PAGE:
Breathes there a PRO with soul so dead who never to himself hath said:
‘That journalist I could cheerfully strangle’? Only those who have
patrolled the frontier between power and authority and the media know
how tense it can become.
Yet it is not until PROs get close to the centre of Government that they
have a chance of exercising any decisive influence over the framework
within which the media - press, radio and television - operate. It is no
coincidence that for decades Governments have preferred self-regulation
to legislating against the media and that newspapers are still not
subject to VAT, even though there is no logical case against its
There is a respectable case for curbing intrusions of privacy, while
retaining a public interest defence, and requiring the media to admit
its mistakes more readily and prominently. I can even see the
presentational attractions of a Freedom of Information Bill as well as
reform of our discredited libel laws to sweeten the pill of a package
destined to curb abuse. But the press is still drinking in David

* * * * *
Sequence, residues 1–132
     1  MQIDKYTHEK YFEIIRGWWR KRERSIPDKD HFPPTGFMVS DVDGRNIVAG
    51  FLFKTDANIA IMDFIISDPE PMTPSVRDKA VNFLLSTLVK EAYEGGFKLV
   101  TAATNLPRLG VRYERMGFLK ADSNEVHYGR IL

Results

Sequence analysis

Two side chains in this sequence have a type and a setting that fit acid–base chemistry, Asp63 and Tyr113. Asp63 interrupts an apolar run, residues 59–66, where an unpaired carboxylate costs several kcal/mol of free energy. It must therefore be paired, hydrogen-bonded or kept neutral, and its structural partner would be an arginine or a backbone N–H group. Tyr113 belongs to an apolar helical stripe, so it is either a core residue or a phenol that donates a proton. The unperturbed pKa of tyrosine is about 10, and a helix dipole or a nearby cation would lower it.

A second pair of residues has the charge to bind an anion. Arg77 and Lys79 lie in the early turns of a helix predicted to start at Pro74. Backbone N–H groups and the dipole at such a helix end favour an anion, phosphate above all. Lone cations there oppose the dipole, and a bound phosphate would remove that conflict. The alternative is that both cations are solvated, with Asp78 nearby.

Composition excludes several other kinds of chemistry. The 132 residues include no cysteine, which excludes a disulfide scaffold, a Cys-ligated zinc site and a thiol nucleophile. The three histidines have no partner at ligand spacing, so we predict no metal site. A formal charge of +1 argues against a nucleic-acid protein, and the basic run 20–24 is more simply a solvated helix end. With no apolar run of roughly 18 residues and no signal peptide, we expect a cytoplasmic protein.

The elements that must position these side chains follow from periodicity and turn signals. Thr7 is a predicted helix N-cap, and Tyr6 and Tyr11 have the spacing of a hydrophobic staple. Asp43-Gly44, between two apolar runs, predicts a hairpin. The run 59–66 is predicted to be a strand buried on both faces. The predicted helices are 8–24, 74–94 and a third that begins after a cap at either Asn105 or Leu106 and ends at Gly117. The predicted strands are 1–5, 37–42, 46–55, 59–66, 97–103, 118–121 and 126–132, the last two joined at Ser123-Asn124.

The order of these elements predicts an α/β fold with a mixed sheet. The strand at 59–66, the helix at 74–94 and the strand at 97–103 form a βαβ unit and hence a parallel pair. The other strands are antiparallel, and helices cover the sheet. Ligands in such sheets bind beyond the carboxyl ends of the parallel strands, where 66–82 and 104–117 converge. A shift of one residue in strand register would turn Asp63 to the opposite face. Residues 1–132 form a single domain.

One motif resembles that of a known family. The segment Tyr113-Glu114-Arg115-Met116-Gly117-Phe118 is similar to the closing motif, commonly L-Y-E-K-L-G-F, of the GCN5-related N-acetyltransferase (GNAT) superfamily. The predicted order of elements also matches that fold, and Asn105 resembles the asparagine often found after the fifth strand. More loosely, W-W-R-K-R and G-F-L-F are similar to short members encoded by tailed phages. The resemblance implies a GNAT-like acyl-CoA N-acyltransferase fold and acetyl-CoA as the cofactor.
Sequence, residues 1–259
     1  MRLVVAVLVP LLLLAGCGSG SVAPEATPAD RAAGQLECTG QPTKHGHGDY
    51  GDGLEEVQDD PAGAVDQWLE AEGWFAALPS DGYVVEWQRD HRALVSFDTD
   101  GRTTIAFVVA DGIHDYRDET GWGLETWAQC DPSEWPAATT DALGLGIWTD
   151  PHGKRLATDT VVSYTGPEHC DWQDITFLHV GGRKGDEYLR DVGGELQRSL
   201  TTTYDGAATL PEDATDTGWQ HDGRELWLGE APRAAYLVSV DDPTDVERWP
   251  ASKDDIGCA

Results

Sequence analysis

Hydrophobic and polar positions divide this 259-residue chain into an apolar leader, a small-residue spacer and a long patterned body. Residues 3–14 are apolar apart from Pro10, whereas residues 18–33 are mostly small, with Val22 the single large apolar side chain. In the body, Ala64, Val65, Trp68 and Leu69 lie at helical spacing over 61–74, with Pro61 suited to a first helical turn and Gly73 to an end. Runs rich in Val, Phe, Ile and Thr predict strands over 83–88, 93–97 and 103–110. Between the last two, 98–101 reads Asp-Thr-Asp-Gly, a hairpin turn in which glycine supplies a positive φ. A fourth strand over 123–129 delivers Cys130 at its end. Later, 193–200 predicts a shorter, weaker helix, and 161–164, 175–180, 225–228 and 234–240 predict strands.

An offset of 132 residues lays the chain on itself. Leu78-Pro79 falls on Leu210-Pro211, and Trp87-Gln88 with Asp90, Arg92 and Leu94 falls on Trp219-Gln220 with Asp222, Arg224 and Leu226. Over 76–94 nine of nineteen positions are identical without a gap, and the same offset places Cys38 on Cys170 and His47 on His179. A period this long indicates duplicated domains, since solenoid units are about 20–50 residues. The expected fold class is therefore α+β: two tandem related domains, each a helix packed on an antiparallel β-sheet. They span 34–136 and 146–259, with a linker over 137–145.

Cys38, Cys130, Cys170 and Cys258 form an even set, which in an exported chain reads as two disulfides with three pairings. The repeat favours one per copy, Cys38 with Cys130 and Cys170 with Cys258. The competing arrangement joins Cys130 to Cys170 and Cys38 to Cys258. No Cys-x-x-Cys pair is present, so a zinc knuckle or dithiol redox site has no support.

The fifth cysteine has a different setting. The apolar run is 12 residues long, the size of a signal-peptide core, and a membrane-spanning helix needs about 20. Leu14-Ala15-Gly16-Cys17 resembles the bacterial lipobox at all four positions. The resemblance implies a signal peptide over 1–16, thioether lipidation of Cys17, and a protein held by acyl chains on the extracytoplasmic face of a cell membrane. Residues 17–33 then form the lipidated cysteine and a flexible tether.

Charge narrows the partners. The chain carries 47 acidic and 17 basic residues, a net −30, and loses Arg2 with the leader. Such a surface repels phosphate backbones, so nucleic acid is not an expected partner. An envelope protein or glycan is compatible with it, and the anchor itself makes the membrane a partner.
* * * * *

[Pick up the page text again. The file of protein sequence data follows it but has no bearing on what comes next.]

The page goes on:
Mellor’s Last Chance Saloon.
There are two broad reasons for this. Sensible governments don’t
gratuitously provoke the media. Nor do they readily interfere with
freedom of speech.
It has always been assumed that a Labour, rather than a Tory government,
would be more likely to legislate, although I shall believe it when I
see it. I am no more convinced that it would after the latest outburst
by Peter Mandelson MP, who will run Labour’s election campaign. In a
recent TV programme he said: ‘If they [newspapers] are seen to affect
the outcome of the next election in the way they have in the past, I
think the pressure for change will be almost unstoppable.’
I shall take a lot of persuading that the press, rather than Labour’s
policies, leaders or trade union connections, influenced the outcome of
any of the 14 elections since the war. Mr Mandelson evidently thinks
differently. But let us look at his logic. In practice what he is saying
is that, if Labour loses the next election, even with probably more
press support than ever before, newspapers would bear responsibility and
that the public would demand it should be reined in.
But Labour would not then be in any position to reform the press. And
they are unlikely to be in a position to do so unless, for once, they
tell us how a policy would be implemented. On that Mr Mandelson is
silent. Would he require newspapers to be evenly balanced in their
political stance? If so, who would buy the boring things?
Mr Mandelson clearly has a lot to learn. You can’t have a free society
without a free press which is free to mug you. And if you can’t stand
being mugged, you shouldn’t be in politics - or PR.
Sir Bernard Ingham writes for the Daily Express